A few years into our marriage, when my wife suffered a fracture of her leg (but because she was pregnant at the time, couldn’t take strong painkillers) I wheeled a television in front of her bed, suggesting that watching it might distract her from the pain in the way a book couldn’t. The thing simply gathered dust, so, a few weeks later, I wheeled it back out.
And yet, on Saturday afternoon, it was she who was urging me to turn on my — I mean, our — television, so that we didn’t miss a second of the England vs Sweden World Cup quarter-final match.
I found it an exhausting experience. Because my wife knows nothing about the game, I had to explain every term to her: offside, free kick, set-piece, half-time — you name it.
The real difficulties began when she started asking me about the individual England players.
I’m no football fan myself, and the only team member I knew anything about was the captain, Harry Kane (‘He plays for Spurs, darling. No, he doesn’t captain them. No, I don’t know why that is . . .’).
Fortunately, the teenage son of a friend of mine is a football fanatic and knows every detail of each England player’s career — what they’re best at, what their weaknesses are — ad infinitum.
Fortunately for me, that is. I have been plundering young Billy for information only so that I can answer my wife’s questions. Luckily, he is a most understanding 13-year-old.
I was similarly entranced by the game when I was that age. But, like many others, my declining interest owed much to the perception that it had become a cynical business, with players increasingly prepared to cheat and con both the referees and their rivals.
This England team has shown a different side.
But not entirely. When the Colombian player Wilmar Barrios pushed his head hard under the chin of the (much taller) England defender Jordan Henderson, our player went down as if poleaxed, clutching . . . his forehead.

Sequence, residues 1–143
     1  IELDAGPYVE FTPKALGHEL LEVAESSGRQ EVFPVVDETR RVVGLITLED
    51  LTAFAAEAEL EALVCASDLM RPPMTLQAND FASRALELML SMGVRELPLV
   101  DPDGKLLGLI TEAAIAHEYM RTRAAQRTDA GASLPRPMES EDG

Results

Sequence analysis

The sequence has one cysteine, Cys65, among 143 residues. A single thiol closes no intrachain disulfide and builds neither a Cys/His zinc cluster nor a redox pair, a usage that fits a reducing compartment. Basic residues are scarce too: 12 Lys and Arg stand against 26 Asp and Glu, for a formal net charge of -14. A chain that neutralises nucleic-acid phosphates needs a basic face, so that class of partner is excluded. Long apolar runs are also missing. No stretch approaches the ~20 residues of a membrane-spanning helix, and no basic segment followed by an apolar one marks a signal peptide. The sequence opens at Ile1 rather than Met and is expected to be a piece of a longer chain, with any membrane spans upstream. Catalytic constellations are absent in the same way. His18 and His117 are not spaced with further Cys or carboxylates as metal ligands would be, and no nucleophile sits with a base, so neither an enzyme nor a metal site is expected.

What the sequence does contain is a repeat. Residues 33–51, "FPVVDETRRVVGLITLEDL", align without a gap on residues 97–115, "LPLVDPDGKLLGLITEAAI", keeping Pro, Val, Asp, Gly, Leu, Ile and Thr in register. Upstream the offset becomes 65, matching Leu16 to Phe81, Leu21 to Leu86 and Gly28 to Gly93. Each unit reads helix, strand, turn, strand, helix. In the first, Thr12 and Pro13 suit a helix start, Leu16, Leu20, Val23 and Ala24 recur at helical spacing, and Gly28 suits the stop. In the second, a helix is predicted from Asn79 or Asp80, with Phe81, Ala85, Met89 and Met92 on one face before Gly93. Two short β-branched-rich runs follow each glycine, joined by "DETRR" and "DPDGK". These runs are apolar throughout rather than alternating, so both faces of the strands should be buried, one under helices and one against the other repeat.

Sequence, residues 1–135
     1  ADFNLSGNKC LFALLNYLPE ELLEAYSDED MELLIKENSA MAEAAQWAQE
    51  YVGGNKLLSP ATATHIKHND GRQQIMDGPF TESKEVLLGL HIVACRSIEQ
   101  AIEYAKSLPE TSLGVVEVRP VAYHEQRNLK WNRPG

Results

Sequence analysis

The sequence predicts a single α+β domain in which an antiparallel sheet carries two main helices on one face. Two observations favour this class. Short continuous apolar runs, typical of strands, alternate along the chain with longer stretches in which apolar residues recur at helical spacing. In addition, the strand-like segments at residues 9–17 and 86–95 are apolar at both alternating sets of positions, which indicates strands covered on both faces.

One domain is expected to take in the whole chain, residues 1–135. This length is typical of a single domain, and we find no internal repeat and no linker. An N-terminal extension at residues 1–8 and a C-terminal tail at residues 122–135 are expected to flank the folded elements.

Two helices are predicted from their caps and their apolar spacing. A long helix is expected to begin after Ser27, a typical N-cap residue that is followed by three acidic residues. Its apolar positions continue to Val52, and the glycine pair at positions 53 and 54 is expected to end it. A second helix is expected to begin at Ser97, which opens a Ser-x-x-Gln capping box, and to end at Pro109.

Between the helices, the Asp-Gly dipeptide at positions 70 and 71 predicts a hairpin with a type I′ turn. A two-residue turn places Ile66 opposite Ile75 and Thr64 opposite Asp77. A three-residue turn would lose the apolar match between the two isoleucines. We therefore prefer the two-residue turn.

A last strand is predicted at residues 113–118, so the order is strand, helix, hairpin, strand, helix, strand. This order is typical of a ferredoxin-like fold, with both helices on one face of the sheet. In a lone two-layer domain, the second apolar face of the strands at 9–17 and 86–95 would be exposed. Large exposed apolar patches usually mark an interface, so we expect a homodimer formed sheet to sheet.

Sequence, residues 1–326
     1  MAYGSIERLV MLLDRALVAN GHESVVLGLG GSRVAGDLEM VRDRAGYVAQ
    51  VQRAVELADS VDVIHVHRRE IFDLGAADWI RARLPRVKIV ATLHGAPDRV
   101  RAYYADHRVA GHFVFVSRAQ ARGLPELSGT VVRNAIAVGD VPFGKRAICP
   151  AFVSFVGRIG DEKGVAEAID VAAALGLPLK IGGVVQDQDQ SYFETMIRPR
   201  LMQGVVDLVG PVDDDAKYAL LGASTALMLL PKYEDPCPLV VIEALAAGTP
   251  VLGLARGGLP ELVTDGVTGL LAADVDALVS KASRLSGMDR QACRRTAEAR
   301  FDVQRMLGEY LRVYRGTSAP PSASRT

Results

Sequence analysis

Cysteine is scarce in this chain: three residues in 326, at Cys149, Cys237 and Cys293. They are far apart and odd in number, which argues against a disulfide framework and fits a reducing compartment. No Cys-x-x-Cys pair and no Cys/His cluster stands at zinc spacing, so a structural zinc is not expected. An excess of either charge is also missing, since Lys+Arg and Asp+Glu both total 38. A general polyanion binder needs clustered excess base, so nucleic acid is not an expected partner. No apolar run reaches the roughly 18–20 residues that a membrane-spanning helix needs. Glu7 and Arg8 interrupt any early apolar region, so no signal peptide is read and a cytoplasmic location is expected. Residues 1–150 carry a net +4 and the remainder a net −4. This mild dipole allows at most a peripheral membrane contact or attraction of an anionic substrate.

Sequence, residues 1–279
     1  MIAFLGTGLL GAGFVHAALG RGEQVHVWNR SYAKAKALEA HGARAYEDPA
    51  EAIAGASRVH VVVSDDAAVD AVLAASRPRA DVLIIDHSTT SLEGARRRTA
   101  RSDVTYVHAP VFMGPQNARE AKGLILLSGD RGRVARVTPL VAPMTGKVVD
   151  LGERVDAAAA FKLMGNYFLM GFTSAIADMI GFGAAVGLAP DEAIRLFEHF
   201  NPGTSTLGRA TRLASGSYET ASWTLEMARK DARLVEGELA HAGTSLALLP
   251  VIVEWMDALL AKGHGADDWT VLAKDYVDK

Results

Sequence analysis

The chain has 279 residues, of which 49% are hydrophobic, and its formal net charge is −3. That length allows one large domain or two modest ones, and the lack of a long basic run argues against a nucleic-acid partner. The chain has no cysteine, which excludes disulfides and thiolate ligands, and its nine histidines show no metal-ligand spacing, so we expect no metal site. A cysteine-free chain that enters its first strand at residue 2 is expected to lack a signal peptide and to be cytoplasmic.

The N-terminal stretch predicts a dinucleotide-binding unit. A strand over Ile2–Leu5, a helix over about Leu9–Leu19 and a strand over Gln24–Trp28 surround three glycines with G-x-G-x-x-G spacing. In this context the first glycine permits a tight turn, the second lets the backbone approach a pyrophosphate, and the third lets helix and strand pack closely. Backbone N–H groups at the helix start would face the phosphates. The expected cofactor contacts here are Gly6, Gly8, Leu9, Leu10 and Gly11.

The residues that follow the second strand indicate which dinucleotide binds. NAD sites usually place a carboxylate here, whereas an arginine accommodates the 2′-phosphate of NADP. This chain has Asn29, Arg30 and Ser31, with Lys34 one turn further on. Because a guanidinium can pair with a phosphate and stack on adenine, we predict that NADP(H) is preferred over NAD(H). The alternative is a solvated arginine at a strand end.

He clearly wanted to con the referee into thinking he’d been struck in the face, which would have meant the immediate sending-off of the Colombian. I thought about pointing this out to my wife, but then decided I shouldn’t interfere with her innocent enjoyment.
Although, when watching the match with Sweden, it became clear to me that she was suffering almost more than a normal fan precisely because she didn’t know when the game was done and dusted in our favour.
Even when we were 2-0 up with less than a minute to go, she became intensely agitated when Sweden won a free kick near the England goal. ‘Oh, no!’ she gasped.
Now, however, she is confronted with a true crisis: she has arranged a dinner for all those who work for the charity she founded, and some time ago booked a private room in a chic restaurant . . . for 7pm this Wednesday. Which is exactly when England’s semi‑final match against Croatia starts.
It should be possible to hire a television for the room. But will her colleagues’ admiration for her unfailing calmness at work survive what they will witness once the match gets under way?
And if, by chance, the World Cup final is between England and Belgium, her passions will become uncontrollable. Not just because of her patriotic support for England, but also because she was educated at an Ursuline convent in Belgium and hated it. She still becomes angry whenever she is reminded of her years of incarceration (as it seemed to her) in that country.
But it’s too late now to unlearn how to turn on the television. We shall just have to face the coming football storm together. Along with every other normal family.